US 4745073 A
A cap for a container in which immunoassays are performed includes a liquid absorbing material accessible to liquid in the container.
1. A closure for a small generally tubular container used in immunoassays for containing a liquid under assay consisting essentially of a cap receivable in liquid-tight fashion on said container to close the same and prevent material in said container from exiting said container at any time when closed by said cap, said cap including a liquid-absorbing material accessible to liquid in said container so that, when a closed container with liquid therein is inverted, the liquid absorbing material in the cap absorbs the liquid and retains it therein when the closed container is returned in an upright position thereby separating the absorbed liquid from any solid material in the container.
2. A closure according to claim 1 which is a hollow plastics body having said liquid-absorbing material located therein.
3. A closure according to claim 1 or 2, wherein the liquid-absorbing material is a cellulose wadding or a sponge material.
4. A closure according to claim 1 or 2, wherein the said liquid-absorbing material contains a radioactive quencher.
5. A closure according to claim 1 or 2, wherein the liquid-absorbing material has at least one elongate channel therein to facilitate absorption of liquid.
6. In combination, a small generally tubular container for use in immunoassays for containing a liquid under assay, and a closure therefor, which closure is receivable on the open end of the container in liquid-tight fashion, the closure being as defined in claim 1.
7. The combination according to claim 6, in which the container is in the general form of a test-tube, and wherein the closure is adapted to be pushed-fit in the open end of the test-tube.
8. The combination according to claim 6 or 7, in which the container has a reagent coating on the inner wall thereof.
9. A method of immunoassay in which a reaction mixture is formed comprising a liquid phase and a solid phase, and wherein the solid phase is separated from the liquid phase, characterized in that there is used a combination of a small generally tubular container for use in immunoassays for containing a liquid under assay and a closure therefore, which closure is receivable on the open end of the container in liquid-tight fashion, the closure consisting essentially of a cap receivable in liquid-tight fashion on said container to close the same and prevent material in said container from exiting said container at any time when closed by said cap, said cap including a liquid-absorbing material accessible to liquid in said container so that, when a closed container with liquid therein is inverted, the liquid absorbing material in the cap absorbs the liquid and retains it therein when the closed container is returned in an upright position thereby separating the absorbed liquid from any solid material in the container, and wherein the said separation is effected by inverting the closed container whereby the liquid is absorbed by the liquid-absorbing material in the cap, the solid phase being retained in the container.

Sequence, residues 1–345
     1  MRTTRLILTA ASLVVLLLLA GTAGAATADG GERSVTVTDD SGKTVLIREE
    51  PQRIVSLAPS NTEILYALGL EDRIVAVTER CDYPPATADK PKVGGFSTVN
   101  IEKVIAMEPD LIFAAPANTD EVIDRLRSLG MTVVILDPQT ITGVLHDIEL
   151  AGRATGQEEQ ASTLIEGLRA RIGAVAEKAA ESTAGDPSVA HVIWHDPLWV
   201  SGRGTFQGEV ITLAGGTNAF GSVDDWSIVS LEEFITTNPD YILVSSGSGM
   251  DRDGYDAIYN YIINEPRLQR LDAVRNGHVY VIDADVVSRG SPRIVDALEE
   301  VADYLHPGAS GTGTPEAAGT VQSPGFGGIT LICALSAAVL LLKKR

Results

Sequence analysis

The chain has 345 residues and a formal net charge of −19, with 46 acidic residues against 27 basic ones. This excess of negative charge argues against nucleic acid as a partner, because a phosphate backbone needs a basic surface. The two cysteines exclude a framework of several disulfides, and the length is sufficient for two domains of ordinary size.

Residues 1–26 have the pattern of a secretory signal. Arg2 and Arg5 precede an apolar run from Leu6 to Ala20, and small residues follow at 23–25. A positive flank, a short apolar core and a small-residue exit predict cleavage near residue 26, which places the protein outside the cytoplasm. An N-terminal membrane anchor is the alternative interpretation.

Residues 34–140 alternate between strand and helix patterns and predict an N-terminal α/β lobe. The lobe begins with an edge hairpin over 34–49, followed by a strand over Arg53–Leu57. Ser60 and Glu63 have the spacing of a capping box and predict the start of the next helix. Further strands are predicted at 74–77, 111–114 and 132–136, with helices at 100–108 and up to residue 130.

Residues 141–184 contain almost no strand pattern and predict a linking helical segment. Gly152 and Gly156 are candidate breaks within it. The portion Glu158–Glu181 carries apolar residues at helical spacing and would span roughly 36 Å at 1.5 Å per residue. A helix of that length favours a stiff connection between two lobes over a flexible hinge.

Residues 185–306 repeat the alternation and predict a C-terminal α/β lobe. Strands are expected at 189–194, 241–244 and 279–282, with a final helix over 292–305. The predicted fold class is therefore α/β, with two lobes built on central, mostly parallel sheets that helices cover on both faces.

10. The method according to claim 9 in which the container is in the general form of a test-tube, and wherein the closure is adapted to be pushed-fit in the open end of the test-tube.
This invention relates to immunoassays, more particularly to immunoassays which involve a phase separation step and which are effected manually.
It is well known that in certain immunoassays conducted on liquid samples, a mixture is formed comprising a liquid and a solid. The solid may, for example, comprise a reagent in insolubilised form, e.g. a reagent bound to an insoluble support, or it may be a product of the reaction, e.g. a precipitate formed after the primary reaction by, for example, addition of a second antibody or polyethylene glycol, or it may be an adsorbent for one component of the liquid, e.g. charcoal adsorbent. The reaction liquid is separated from the solid before completion of the assay. Such assays usually involve the use of a label, e.g. a radioactive atom, and the amount of the substance under assay (normally an antigen, hapten or antibody) is determined by measurement of the amount of label remaining in the liquid or becoming attached to the solid.
In assays of this type which are conducted manually, the solid is usually either finely divided particles or a coating on the wall of the reaction vessel (usually a test tube). The separation step is effected by decanting the liquid phase from the reaction vessel. In order to facilitate this in the case a particulate solid phase, the mixture may be centrifuged (after incubation) to consolidate the particles at the bottom of the vessel. Alternatively, and usually more preferably, particles are used which include magnetically attractable material, so that the particles can be sedimented and retained in the reaction vessel during decantation by the application of a magnetic field.
There are special problems in the use of radioactive labels in that great care has to be taken in the separation step to avoid contamination both of personnel and of the environment by the radioactive material. Thus, the decantation step has to be effected with care and precautions taken to avoid spillage and contamination in other ways. Furthermore, where it is desired to measure the label in the liquid phase, the liquid cannot be poured to waste but must be conserved until after measurement.
We have now devised a way in which many of these problems can be reduced or avoided completely, and whereby both time and labour may be saved in conducting the assay. In accordance with a feature of the invention, we provide a cap for application to the opening of a container to close the container in liquid-tight fashion, wherein the cap includes a liquid-absorbing material which is accessible to liquid in the container so that, when a closed container with liquid therein is inverted, the said material absorbs the liquid. In further aspects, the invention includes a method of immunoassay utilising a container with such a cap, and also a container and cap therefor per se.